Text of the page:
Similar problems beset the other four solidarities. Marx hailed the demise of nationality and trumpeted class conflict as the dynamo driving world history; and during the mid-twentieth century class did indeed ride high, especially among intellectuals, as the supreme form of collective solidarity. But it never quite succeeded in overcoming the rival claim of religion—and was also undermined by the rising prominence of identities grounded in race and gender. These in turn have been destabilized by their own ambiguities and contradictions. As a result of World War II, Cannadine notes, “the notion that race was the most significant form of collective human identity...had been stripped of any claim to intellectual respectability.” A few decades later—and despite successive waves of feminism—the notion that gender could play that role foundered on the growing realization that the “binary opposition” of man and woman fails to comprehend “the multifaceted nature of gender identities.” And so on. The historical record Cannadine puts forth attests to the failure of all such “totalizing” efforts to define people by their membership in any one group. We are people who partake in multiple, sometimes conflicting solidarities; race, nationality, class, and gender each represent but one identity among several.

Well-organized, accessible and persuasive, The Undivided Past yields valuable lessons. One will assist those starting out on graduate studies in history, who all too often assume that currently fashionable interpretative schools are destined to endure. This book should demolish any such belief, encouraging young historians to keep their interpretative powder dry and alerting them that in pursuing their chosen calling they will perforce navigate a historiographic landscape strewn thick with the wreckage of earlier intellectual battles.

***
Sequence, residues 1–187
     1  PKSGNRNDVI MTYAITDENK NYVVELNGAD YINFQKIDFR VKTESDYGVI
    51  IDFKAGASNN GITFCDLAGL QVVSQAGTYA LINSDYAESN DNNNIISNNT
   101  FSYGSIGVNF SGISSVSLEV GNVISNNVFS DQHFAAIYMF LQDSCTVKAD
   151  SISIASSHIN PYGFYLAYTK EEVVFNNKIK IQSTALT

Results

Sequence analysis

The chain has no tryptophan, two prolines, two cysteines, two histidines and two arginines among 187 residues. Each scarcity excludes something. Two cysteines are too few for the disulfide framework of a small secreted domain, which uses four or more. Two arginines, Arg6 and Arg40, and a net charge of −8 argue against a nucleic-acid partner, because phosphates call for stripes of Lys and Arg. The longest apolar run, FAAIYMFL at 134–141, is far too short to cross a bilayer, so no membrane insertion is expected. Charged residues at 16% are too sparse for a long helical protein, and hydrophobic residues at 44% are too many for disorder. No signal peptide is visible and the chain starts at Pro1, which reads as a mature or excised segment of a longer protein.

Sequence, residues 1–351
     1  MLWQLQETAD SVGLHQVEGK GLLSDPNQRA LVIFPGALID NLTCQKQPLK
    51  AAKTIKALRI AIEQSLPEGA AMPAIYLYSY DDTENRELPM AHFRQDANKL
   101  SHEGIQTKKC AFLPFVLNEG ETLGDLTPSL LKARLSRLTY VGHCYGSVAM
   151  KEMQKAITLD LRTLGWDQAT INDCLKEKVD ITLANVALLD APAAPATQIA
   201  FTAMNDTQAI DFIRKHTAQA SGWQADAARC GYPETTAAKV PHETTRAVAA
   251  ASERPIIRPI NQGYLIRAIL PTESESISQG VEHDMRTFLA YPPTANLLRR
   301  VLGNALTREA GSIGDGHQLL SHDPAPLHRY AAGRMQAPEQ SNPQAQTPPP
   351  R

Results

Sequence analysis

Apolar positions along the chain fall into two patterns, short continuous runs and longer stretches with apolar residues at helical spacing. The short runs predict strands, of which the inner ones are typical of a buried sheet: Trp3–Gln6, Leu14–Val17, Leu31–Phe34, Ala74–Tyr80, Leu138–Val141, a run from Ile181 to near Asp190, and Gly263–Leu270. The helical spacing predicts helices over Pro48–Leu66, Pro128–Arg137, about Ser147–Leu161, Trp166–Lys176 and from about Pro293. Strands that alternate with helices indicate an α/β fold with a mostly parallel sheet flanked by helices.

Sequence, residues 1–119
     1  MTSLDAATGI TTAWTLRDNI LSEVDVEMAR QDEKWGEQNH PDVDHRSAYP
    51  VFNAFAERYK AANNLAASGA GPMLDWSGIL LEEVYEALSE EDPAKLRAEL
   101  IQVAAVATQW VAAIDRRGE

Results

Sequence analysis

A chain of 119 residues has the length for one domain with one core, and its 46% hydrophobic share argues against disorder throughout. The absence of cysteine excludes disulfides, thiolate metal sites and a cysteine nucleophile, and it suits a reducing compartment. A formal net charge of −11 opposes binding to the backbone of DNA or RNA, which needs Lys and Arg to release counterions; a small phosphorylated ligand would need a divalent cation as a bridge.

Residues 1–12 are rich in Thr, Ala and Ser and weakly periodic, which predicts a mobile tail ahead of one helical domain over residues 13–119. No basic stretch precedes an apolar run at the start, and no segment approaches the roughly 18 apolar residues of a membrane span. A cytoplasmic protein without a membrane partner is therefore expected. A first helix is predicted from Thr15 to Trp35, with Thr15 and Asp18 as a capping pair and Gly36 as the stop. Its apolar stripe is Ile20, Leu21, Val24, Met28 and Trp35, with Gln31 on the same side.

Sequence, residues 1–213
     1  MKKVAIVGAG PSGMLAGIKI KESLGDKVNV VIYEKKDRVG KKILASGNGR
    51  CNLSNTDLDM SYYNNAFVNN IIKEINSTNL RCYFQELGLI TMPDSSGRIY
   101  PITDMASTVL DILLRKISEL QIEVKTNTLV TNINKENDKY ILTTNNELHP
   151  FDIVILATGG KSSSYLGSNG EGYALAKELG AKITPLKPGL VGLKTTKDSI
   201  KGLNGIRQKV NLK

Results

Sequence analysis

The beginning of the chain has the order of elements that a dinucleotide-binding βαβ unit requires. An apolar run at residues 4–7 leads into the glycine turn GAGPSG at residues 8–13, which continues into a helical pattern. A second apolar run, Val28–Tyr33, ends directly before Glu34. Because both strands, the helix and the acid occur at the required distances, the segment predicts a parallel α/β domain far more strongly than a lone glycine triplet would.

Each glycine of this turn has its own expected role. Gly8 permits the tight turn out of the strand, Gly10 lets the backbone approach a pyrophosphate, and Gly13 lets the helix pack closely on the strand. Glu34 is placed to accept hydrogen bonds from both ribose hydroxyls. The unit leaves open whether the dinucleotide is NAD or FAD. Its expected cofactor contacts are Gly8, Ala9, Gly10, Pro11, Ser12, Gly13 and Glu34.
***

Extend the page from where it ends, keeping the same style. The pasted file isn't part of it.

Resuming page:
More important for the general reader, however, may be Cannadine’s hopeful insistence that “the history of humankind is as least as much about cooperation as it is about conflict.” We would do better to focus on what we share than to obsess about our differences, he advises—to dwell on what joins us together rather than what puts us asunder. As Cannadine notes, even those writers and thinkers given to emphasizing group identities and antagonisms have not always been blind to the wisdom of a more inclusive perspective on the human condition. Cannadine cites the example of Rudyard Kipling, a writer who could speak un-self-consciously about “the White Man’s burden” and “lesser breeds without the law”—yet who could also write, in a more generous and ecumenical vein, that

All good people agree,
And all good people say,
All nice people, like Us, are We
And everyone else is They:
But if you cross the sea,
Instead of over the way,
You may end (think of it!) by looking on We
As only a sort of They!

Francis Oakley is president emeritus of Williams College.

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Published in the August 16, 2013 issue: View Contents